I should be writing a review of St. Pamphilus’ Apology for Origen. And I will. In a minute. First, I need to share a bit or two of dialogue between Jonah and me.

He’s been pretty much obsessed with Spiderman since his cousins sent him a puffy muscle suit when he was two. And these days, the cartoons aren’t cutting it. He wants the “actually real Spiderman,” which means the live action movie. We found a copy at the library and talked about watching it together (so John or I could edit out the too violent violence and/or disturbing weirdness). And that’s All we talked about, from the moment it was in his hand until dinnertime. At which point we started the movie, and he became obsessed with the actual moment when Dr. Octopus becomes Dr. Octopus. Watching a movie with Jonah requires an entirely different approach to movie watching. There’s no blank staring at the screen or getting transported into a couch potato funk. It’s a highly interactive experience.

So anyway, as we walked home from the library, I told Jonah that Spiderman kind of makes me crazy. All that flying around and sailing from building to building gives me vertigo. Couple that with the movie’s generally high volume, and it’s enough to make me want to go into a dark quiet room by myself for a couple of hours or on a long walk. But I loved J’s response:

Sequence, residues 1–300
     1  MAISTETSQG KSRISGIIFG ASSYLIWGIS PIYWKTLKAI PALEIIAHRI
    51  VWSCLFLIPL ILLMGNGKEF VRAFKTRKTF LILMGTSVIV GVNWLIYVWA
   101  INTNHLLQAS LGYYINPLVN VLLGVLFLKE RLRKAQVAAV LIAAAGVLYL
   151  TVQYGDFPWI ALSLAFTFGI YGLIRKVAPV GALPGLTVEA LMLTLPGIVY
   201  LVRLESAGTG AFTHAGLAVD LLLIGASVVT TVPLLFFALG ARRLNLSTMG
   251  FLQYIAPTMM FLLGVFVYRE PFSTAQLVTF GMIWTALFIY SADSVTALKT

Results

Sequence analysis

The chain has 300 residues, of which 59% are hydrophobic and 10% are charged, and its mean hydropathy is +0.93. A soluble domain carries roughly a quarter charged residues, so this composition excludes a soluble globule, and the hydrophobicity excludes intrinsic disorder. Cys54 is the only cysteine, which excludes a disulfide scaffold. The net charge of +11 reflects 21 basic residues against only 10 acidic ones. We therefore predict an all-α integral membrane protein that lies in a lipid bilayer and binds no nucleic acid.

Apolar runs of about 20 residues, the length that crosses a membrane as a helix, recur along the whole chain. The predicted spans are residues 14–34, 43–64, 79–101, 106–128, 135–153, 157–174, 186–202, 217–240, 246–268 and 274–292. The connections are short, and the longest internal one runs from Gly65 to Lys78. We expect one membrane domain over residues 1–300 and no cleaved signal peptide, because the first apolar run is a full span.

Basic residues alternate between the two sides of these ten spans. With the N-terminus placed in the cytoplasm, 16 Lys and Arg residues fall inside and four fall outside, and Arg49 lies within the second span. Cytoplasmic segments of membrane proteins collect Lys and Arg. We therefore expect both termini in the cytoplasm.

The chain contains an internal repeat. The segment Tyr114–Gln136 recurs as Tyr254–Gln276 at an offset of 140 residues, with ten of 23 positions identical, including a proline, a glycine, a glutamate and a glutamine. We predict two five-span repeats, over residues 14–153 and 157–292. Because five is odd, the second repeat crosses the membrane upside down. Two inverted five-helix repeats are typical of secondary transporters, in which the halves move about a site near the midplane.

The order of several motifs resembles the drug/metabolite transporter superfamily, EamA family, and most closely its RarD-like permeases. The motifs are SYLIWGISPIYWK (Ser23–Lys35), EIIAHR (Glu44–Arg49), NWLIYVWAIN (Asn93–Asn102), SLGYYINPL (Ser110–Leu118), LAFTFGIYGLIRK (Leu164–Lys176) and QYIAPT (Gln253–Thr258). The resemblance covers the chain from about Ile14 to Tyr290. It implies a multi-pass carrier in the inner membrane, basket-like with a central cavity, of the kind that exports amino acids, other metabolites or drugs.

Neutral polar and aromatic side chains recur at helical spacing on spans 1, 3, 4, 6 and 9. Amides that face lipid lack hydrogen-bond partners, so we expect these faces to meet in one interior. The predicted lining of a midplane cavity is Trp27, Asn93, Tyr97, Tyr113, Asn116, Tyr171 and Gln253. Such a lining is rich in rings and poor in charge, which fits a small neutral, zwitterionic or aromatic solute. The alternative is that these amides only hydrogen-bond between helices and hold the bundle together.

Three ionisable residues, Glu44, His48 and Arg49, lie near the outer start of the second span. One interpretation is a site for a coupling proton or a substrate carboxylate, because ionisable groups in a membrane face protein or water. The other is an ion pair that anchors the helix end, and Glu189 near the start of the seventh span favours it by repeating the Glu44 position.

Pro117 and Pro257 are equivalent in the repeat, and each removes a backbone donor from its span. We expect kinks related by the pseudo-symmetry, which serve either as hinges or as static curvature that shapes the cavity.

“Is it artificial colors for you? Does it make you crazy?”

The connections he makes! He knows that artificial colors mess with his system, by which he intuited that crazy action movies do the same to me. John called him a nexus, and it’s a fair representation of how Jonah operates—the center through which everything connects. And it’s hard not to get sucked into his “the world revolves around me” reality. Balancing our lives in relationship to him will always take some doing. When I told him that I hadn’t even met John when I watched the first Spiderman movie, he couldn’t quite understand.

“You didn’t even KNOW John Carl Estes?”

No, I explained. I haven’t known your daddy for most of my life. This is a relatively new thing we’ve got going on here. I met him at the bookstore in Kansas where I worked. His response:

“So did you be friends and decide to make a kid?”

Yep. Something like that.


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